Stress level of student Emotional state of student Self-confidence Well being Presentation created and prepared by Gilbert De la Portilla, Strykeforce and Community Matters. List the psychological factors that affect the learning process. List two (2) experiential factors of the learner. Prior List four (4) readiness factors of the learner. Prior

learning Motivation Ability to concentrate Barriers Presentation created and prepared by Gilbert De la Portilla, Strykeforce and Community Matters. knowledge Prior training Temperature Lighting Sound quality Instructional aids Distractions Room arrangement Presentation created and prepared by Gilbert De la Portilla,

Strykeforce and Community Matters. List six (6) environmental factors that affect the learning process. UNIT FIVE Presentation created and prepared by Gilbert De la Portilla, Strykeforce and Community Matters. During this unit of instruction, the student will obtain a working knowledge of the four phases of the teachinglearning process: Preparation, presentation, application and evaluation. The student will be able to identify the three (3) elements of the preparation phase. Review objectives of entire learning activity.

Consult and study all reference material available Evaluate factors affecting instruction. These include: 1.Time available 2.Training conditions 3.Availability of assistant instructors. 4.Equipment and facilities D. Rehearse the lesson Presentation created and prepared by Gilbert De la Portilla, Strykeforce and Community Matters. Preparation of instructor Motivate the student Create a desire to learn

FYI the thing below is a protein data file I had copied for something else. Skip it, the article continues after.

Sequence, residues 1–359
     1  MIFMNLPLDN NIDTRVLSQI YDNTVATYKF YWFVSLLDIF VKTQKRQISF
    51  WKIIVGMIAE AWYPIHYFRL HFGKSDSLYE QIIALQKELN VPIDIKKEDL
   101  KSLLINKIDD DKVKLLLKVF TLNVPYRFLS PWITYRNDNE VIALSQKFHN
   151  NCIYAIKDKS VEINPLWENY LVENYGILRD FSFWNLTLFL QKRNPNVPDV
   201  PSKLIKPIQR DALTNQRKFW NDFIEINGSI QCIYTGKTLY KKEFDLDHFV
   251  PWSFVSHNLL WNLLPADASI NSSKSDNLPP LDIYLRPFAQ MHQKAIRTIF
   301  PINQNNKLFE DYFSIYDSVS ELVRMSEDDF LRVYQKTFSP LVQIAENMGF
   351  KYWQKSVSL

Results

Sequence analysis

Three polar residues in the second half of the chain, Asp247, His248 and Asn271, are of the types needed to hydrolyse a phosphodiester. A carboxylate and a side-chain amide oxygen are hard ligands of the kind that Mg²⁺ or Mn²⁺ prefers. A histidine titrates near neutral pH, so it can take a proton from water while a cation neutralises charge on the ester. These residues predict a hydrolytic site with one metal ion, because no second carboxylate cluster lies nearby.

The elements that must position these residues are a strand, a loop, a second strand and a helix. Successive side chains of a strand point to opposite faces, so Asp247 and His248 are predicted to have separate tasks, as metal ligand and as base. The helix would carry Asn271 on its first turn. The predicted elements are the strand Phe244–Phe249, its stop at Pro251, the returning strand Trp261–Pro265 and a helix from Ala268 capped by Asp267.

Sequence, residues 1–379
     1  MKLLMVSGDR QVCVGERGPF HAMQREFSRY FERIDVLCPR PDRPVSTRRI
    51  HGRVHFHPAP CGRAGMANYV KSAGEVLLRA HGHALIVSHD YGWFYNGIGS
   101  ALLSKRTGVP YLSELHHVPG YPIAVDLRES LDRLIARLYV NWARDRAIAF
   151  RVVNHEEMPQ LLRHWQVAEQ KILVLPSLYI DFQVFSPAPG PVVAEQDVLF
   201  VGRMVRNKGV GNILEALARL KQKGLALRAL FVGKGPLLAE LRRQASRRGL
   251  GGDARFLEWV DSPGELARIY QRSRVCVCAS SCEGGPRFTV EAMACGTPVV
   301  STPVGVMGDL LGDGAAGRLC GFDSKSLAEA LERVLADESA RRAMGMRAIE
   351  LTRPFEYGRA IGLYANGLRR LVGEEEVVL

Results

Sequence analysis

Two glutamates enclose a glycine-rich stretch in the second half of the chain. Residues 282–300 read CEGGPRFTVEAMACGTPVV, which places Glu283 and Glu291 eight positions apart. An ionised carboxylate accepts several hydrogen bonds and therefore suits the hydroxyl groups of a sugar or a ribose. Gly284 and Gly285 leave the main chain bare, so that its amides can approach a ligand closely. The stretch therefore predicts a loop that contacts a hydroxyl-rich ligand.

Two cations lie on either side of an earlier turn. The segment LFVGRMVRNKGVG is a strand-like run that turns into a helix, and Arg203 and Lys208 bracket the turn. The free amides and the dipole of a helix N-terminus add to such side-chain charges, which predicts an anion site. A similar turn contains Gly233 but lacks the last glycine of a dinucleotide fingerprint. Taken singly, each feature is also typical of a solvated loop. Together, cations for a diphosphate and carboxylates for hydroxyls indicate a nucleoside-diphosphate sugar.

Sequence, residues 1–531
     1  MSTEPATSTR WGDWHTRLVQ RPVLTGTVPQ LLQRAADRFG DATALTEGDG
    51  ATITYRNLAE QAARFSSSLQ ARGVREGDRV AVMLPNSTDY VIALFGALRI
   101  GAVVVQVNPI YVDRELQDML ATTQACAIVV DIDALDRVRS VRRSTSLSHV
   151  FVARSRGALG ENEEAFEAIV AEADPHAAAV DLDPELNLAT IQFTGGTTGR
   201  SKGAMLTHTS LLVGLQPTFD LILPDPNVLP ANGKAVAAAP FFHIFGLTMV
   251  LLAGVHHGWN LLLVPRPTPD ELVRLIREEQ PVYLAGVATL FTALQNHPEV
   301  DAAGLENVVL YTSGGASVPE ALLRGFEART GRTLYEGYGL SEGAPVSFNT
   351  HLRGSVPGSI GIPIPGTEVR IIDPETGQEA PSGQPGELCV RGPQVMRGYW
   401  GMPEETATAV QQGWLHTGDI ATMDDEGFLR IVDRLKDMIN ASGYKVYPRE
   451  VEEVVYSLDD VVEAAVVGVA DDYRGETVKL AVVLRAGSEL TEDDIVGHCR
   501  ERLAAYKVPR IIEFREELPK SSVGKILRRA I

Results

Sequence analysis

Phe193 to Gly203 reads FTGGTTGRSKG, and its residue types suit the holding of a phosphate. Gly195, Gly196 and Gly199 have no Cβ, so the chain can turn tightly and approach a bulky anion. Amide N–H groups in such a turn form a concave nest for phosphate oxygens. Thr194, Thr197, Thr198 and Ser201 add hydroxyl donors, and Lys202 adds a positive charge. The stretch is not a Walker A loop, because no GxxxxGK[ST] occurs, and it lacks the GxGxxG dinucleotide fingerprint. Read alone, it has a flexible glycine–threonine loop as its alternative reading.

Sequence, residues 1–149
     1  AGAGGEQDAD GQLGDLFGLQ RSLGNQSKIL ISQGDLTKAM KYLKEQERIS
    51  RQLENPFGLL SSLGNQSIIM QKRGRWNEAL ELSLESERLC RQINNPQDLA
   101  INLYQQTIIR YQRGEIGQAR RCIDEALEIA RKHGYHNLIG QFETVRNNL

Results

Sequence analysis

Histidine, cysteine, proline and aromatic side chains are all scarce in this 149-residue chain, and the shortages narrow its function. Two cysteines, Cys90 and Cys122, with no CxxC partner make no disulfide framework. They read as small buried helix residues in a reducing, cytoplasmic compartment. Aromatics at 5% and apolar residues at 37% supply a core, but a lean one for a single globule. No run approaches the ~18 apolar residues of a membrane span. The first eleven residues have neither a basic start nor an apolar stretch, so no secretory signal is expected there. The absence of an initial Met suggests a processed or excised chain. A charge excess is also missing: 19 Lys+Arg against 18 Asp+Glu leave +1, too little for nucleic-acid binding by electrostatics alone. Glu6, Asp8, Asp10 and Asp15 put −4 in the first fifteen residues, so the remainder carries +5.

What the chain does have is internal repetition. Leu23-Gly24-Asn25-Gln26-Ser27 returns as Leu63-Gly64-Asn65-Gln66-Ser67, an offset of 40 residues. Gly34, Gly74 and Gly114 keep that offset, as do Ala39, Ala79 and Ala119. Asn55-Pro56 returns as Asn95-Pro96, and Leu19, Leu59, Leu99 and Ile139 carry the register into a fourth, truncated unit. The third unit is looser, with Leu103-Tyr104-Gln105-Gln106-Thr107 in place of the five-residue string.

Develop understanding of material Stimulate student appreciation of material Presentation created and prepared by Gilbert De la Portilla, Strykeforce and Community Matters. Preparation of the student Secure instructional media and facilities needed. Check lesson plan and facilities prior to class.

Always rehearse your presentations. Students will know if you are not familiar with the content. Presentation created and prepared by Gilbert De la Portilla, Strykeforce and Community Matters. Preparation of Classroom Environment Introduction phase Body of material or presentation of teaching points phase Conclusion phase

Presentation created and prepared by Gilbert De la Portilla, Strykeforce and Community Matters. The student will be able to identify the three (3) elements of the presentation phase. The student will be able to define the application phase. The application phase of instruction is defined as: Developing skills or techniques and applying knowledge to problem solving in a way that allows a student to learn while doing. The application phase reinforces the cognitive learning process by: Allowing for the support of trial and error thinking. Allowing the student to learn new material by associating

new information with one's experiential background. Presentation created and prepared by Gilbert De la Portilla, Strykeforce and Community Matters. The student will be able to explain how the application phase is used to reinforce psychomotor/ skill learning. Gaining a skill concept Developing the skill Practicing the skill for accuracy and speed Skills are best developed by: Spending 10% of teaching time telling the student about the skill, 25% of the teaching time demonstrating skill

correctly, 65% of the remaining teaching time in proper guided practice. Presentation created and prepared by Gilbert De la Portilla, Strykeforce and Community Matters. The application phase reinforces the psychomotor/skill learning process by: The student will be able to define the evaluation phase. In other words, the instructor is determining how much learning has taken place. The student will be able to list the three (3) elements of the evaluation phase. The three elements of the evaluation phase are: Preparing an evaluation instrument Administering an examination or performance review.

Evaluating the results. Presentation created and prepared by Gilbert De la Portilla, Strykeforce and Community Matters. The evaluation phase is the measurement of a student's level of retention and understanding of training material. UNIT SIX Define the term learning goal. A Learning Goal is a broad imprecise description of what is to be learned. Tells students what they will learn during a particular block of instruction. Tells what the instruction is about. The student uses the Learning Objective to accomplish the Learning Goal.